Mary Kay Ash followed her friend Mary Crowley’s example, launching Mary Kay Cosmetics in 1963 after a man she had trained was promoted over her and paid twice her salary. She created a salesforce of women—unusual in the 1960s—and fueled them with pink Cadillacs, compensation plans that paid consultants for building teams and, of course, her famous phrases of wisdom and encouragement that 13 years after her death still make her one of the industry’s most quotable icons. Her formula was wildly successful. Last year Mary Kay Cosmetics had net sales of more than $3 billion worldwide.

So many female business founders have helped make direct selling the thriving, innovative industry it is today, and many more are joining the ranks. Today 10 companies on the 2013 Direct Selling News Global 100 list were founded or co-founded by women entrepreneurs.

Impressive and Puzzling


According to the National Women’s History Museum, women’s ventures have come to comprise about a third of all U.S. businesses —and growing.


According to the National Women’s History Museum, women’s ventures have come to comprise about a third of all U.S. businesses—and growing. If you shrug when you read that, remember that less than a century ago American women couldn’t even vote. But once women had role models, they seemed to be increasingly drawn to entrepreneurship.

In 1972 women owned just 4 percent of all American businesses; by 1991, that figure had climbed to 38 percent. Additionally, since 1997 the growth in the number and economic contributions of firms owned by women of color is nothing short of remarkable. Comprising just 17 percent of women-owned firms 16 years ago, firms owned by women of color now account for one in three women-owned firms in the U.S. The total number of women-owned businesses has risen by 200,000 over the past year alone, which is equivalent to just under 550 new women-owned firms created each day. There are now 8.3 million women-owned businesses in the United States. Those businesses generate revenues of $1.3 trillion—more than the combined market cap of Apple, Microsoft, General Electric, Google and Sony. Plus, revenue has grown more than twice the amount of U.S. population growth during the same period of time.

Yet executive positions have eluded most women. As far as women have come, The Wall Street Journal (WSJ) still reported last year that women make up only 16 percent of directors at Fortune 500 companies, 4 percent of chief executives at Standard & Poor’s 500 companies and 10 percent of chief financial officers at S&P 500 companies. Even below the executive levels, salaries for women lag behind those for men. According to WSJ, women earned 76.5 cents for every dollar that men did in 2012, moving no closer to narrowing a gender pay gap that has barely budged in almost a decade. The numbers are puzzling when research also shows that companies with high gender diversity simply make more money.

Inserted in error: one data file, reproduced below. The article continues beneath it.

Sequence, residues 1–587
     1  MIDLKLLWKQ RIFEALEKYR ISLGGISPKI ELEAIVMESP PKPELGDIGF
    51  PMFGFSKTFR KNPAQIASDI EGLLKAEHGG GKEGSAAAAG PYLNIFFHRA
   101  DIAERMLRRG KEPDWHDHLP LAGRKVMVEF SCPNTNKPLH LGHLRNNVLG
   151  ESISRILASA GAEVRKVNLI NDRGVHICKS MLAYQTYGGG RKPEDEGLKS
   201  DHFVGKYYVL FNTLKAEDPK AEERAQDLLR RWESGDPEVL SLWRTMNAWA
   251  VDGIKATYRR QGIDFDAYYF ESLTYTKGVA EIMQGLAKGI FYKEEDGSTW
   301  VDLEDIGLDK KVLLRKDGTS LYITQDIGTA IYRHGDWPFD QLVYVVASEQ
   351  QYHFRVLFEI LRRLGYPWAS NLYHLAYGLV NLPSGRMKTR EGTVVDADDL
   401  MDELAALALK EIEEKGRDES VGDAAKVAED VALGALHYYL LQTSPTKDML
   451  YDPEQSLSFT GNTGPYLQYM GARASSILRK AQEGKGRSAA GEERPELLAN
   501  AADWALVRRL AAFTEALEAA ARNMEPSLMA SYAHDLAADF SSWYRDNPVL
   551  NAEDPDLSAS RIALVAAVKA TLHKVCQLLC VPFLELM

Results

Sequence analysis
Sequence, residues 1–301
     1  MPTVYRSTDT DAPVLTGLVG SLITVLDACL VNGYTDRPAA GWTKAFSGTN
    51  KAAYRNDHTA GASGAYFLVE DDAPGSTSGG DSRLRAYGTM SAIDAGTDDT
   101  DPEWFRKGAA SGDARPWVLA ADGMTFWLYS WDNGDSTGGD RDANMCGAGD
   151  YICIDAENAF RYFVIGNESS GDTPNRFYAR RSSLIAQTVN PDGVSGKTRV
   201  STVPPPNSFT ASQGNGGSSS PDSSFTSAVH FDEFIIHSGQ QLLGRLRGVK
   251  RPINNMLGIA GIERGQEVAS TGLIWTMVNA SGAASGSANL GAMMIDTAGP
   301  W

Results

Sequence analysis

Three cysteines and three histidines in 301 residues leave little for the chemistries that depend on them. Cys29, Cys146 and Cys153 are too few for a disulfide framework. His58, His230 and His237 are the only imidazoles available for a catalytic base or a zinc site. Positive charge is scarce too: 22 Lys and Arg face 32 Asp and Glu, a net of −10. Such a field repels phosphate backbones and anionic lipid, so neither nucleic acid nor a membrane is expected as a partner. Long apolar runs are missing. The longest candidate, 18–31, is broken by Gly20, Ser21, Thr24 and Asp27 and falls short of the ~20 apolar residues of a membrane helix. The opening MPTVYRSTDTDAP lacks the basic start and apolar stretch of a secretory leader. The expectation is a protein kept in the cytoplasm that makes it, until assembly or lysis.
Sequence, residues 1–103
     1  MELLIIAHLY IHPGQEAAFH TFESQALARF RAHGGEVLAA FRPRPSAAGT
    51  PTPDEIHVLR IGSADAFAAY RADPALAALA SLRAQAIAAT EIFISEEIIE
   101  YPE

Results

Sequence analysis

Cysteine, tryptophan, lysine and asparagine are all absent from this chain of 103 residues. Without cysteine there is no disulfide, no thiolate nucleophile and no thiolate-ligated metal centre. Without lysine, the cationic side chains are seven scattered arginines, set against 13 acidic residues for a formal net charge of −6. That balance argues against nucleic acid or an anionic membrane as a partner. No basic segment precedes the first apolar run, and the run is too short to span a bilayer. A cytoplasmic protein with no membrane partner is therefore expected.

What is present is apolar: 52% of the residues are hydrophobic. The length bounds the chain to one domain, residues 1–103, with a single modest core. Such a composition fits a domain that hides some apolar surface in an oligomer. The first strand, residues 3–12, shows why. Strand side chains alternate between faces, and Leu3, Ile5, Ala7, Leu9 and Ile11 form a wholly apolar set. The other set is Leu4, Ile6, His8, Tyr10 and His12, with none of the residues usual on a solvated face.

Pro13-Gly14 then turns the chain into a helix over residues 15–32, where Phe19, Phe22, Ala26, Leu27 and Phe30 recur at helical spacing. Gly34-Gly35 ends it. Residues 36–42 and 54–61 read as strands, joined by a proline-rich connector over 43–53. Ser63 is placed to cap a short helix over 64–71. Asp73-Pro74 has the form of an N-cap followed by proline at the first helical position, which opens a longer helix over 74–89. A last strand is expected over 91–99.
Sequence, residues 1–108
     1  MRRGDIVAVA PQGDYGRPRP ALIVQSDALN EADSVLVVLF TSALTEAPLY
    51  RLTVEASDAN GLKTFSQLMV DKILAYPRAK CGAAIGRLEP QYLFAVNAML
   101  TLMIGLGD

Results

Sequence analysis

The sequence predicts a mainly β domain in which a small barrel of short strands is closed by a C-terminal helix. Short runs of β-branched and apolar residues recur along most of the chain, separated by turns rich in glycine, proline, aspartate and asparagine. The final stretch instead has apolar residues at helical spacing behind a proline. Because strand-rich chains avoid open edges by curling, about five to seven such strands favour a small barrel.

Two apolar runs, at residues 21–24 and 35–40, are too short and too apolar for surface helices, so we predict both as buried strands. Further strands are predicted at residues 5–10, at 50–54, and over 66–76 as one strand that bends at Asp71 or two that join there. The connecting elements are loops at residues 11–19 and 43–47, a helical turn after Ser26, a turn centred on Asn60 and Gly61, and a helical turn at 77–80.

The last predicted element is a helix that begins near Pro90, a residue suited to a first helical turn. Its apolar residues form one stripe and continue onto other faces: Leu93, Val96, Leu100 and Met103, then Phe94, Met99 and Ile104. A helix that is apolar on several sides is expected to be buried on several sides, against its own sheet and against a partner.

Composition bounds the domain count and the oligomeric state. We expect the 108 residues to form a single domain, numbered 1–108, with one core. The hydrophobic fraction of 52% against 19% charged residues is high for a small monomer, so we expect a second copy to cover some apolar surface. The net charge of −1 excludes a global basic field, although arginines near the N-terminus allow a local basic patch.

Organizations with the lowest rates of gender diversity had average sales revenues of $45.2 million, compared with averages of $644.3 million for businesses with the most gender diversity.


Miriam Muléy, CEO of strategic marketing consultancy and research company The 85% Niche LLC and former General Manager at Avon Products Inc., points to a study by sociologist Cedric Herring that was published in the American Sociological Review. Herring found that gender diversity accounted for a difference of $599.1 million in average sales revenue. Put that in perspective: A company with net sales of $600 million would have been No. 22 on last year’s Direct Selling News Global 100 list. Organizations with the lowest rates of gender diversity had average sales revenues of $45.2 million, compared with averages of $644.3 million for businesses with the most gender diversity.

Given the heavy doors women have historically pushed open and their documented growth in starting businesses, it’s surprising that the direct selling industry isn’t buzzing with stories of concentrated efforts to create greater gender diversity, mentoring programs and executive development tracks for women in its corporate offices. Considering the industry’s pride and experience in its personal development programs for distributors, direct selling is uniquely equipped to fuel the power of its female corporate employees and executives.

Will your company be the industry-leading organization that supercharges its growth by unlocking the untapped talents and abilities of women? Which company will lead the caravan that’s sure to follow? We can’t wait to see.


The Most Influential Women in Direct Selling – 2014

Cover Story | Women’s History | Sheryl Adkins-Green | Claire Bancino | Meredith Berkich | Lori Bush | Dr. Oi-Lin Chen | Doris Christopher | Angela Loehr Chrysler | Kathy Coover | Shelli Gardner | Jessica Herrin | Wendy Lewis | Candace Matthews | Sheri McCoy | Cindy Monroe | Kay Napier | Joani Nielson | Meg Sheetz | Pam Sowder | Jill Blashack Strahan | Connie Tang | Heidi Thompson